One night my best friend in high school called me, totally in tears. I hadn’t seen her since we left for college. She told me she got pregnant her first semester at State and let her boyfriend talk her into an abortion. It was the baby’s due date the night she called. The boyfriend broke up with her months ago because she “wasn’t fun to be around anymore.” What could I say? I had no clue how to deal with this. Growing up we were both pro-life.
I thought I could calm her down by saying stuff like “Don’t worry. You did the right thing.” “What else could you do? It was the best choice.” I told her to try to get over it and think about her future. And I thought she was just being dramatic when she said she didn’t have a future anymore. But I found out that, a few days later, she tried to kill herself. I keep wishing I had said something that could have helped her instead of making her feel more alone.
There are ways to avoid the mistake Andie made. Ways that may help your friend be hopeful again about her future.
If this is the first time your friend has told you about her abortion, she may be afraid that you will be critical or that you will repeat to others what she tells you. She must know that you are a real friend who cares about her, and that you are not sitting in judgment of her.
Before you talk to her, keep in mind: What does she need today?
Begin by listening to your friend. Let her pour out the whole story without interrupting her. You don’t have to understand every detail. It’s important that she lets go of some of the burden she’s been carrying and that she no longer feels alone.
She may talk about:
Much as you’d like to make all her suffering go away with the right words, her grief and loss won’t disappear after one conversation. Assure her of your friendship. Tell her you will be there for her and help her find healing.
Ask your friend if she has ever heard about help for people struggling after abortion. There are safe places where trained people can help her overcome grief and loss, and give her hope. There are counselors, priests and ministers prepared to help, as well as support groups and retreats. Offer her the name and phone number of the local Project Rachel. Give her this website address: www.hopeafterabortion.com.
Even a woman who doesn’t go to church or think of herself as religious can be afraid that God will never forgive her for having an abortion. She should know that God loves and forgives those who are sorrowful. He wants to comfort them and give them his peace.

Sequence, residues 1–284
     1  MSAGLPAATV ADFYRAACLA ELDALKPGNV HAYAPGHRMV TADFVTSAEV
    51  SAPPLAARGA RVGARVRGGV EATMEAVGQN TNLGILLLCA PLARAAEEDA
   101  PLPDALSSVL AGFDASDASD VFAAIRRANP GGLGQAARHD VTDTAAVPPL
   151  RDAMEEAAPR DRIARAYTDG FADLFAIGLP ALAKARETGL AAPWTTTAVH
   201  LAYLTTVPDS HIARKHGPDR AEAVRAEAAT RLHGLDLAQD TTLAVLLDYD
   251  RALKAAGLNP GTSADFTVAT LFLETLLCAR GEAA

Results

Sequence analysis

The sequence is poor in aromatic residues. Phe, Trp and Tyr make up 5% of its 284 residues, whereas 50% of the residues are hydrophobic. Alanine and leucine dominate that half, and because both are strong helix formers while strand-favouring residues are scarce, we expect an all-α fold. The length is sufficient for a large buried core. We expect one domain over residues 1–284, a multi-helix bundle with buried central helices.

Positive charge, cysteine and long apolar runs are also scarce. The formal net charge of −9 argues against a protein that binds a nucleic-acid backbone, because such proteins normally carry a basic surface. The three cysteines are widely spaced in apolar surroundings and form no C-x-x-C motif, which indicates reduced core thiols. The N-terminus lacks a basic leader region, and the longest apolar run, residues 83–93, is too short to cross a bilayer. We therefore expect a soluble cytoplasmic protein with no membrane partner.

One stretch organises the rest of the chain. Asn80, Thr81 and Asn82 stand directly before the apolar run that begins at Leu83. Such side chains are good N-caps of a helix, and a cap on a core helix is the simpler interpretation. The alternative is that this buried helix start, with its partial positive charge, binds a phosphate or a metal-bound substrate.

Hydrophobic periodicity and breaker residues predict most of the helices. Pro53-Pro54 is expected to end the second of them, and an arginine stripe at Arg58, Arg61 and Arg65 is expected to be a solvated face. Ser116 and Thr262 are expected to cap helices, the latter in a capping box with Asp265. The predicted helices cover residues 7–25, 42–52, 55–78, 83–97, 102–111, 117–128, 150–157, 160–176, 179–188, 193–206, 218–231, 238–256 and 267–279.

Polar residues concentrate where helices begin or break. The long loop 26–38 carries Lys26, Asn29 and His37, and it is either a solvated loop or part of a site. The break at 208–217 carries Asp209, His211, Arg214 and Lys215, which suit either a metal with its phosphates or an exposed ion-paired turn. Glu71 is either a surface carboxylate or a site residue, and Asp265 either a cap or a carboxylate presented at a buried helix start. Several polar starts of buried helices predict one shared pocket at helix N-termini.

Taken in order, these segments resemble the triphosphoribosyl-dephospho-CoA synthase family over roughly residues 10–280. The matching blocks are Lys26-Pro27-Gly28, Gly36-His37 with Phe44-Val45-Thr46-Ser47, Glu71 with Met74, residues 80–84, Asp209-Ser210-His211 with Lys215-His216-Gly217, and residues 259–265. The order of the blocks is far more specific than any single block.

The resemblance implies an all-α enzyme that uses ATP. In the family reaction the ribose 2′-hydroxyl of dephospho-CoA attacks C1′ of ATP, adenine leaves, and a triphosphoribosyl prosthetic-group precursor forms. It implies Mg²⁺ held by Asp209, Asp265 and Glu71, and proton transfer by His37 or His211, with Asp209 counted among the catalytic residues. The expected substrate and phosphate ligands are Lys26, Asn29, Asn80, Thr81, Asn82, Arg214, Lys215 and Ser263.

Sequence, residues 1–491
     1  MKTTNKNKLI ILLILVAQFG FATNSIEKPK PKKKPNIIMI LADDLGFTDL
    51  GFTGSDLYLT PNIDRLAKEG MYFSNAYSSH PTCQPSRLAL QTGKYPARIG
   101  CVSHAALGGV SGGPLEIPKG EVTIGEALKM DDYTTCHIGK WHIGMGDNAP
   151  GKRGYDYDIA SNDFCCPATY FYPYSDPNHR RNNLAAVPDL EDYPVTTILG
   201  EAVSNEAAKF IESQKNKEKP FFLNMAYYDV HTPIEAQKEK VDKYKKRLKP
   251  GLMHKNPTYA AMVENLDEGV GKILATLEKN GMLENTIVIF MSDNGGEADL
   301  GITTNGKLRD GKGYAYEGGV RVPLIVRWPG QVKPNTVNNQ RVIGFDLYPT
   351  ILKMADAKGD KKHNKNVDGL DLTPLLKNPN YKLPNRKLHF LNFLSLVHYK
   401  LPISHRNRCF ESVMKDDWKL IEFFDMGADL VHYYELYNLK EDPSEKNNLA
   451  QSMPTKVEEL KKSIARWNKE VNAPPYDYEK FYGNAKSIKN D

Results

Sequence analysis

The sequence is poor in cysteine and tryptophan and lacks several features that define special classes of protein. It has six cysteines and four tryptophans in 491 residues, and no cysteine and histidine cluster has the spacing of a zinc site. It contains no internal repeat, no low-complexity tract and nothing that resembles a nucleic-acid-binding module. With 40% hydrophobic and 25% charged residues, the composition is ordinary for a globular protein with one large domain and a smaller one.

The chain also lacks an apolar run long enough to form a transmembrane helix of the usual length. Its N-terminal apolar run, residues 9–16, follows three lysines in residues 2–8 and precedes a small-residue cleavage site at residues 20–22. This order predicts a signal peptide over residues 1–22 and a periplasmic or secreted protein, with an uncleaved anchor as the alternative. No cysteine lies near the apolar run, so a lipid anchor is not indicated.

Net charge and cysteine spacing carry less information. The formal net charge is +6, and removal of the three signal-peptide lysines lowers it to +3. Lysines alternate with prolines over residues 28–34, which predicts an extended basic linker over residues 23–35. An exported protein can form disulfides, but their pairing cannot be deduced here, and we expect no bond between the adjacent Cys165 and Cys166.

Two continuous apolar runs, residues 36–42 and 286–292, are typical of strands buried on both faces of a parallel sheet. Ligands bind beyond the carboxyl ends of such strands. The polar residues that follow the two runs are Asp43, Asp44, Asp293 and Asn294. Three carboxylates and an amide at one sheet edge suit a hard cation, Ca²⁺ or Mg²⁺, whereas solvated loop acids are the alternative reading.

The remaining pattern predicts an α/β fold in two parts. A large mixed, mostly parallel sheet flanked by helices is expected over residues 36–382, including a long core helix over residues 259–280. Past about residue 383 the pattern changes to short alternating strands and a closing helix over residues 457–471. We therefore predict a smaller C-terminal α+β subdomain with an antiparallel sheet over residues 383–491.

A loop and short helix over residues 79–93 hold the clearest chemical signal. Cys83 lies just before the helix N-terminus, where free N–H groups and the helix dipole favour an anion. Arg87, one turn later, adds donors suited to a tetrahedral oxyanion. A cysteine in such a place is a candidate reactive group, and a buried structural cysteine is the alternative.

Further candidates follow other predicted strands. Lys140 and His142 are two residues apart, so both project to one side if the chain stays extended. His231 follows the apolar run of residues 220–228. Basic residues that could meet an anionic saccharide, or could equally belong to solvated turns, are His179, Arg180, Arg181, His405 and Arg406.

You might want to invite your friend to go to church with you, or ask her to consider talking it over with a priest or minister trained in post-abortion counseling. Some Bible passages and prayers relating to God’s love and mercy can be found at the Prayers section of this website.
Encourage her to contact Project Rachel for help. Remind her that God’s love and mercy is bigger than any sin.
Assure her again of your friendship. Promise to be there, not only today, but in the future. Thank her for having the trust to talk with you. It took courage. Her healing journey has begun.
I finished the post-abortion reconciliation offered through Project Rachel two months ago. I can’t find words to describe how wonderful this experience was. I was helped to shed all the denial, anger, lies, stubbornness and tears that were in my heart. …Through this care the walls came tumbling down and in their place stood compassion, forgiveness, grace, faith and love.
If you see a friend struggling with sadness and emotional turmoil and you suspect that abortion might be the cause, would you know how to offer help without being obvious about your suspicion? A suggestion: At an appropriate time and place, you might say something like this:
“ I found an interesting website that gave me a new outlook on abortion. I never realized the awful pressures women face in making that decision or how, afterward, they suffer, grieve and feel alone. There are programs, like Project Rachel, all over the country that help women struggling with emotional problems after abortion.”
Have information on local programs (address and phone number) on hand in case she asks for it. Or leave information where she can find it.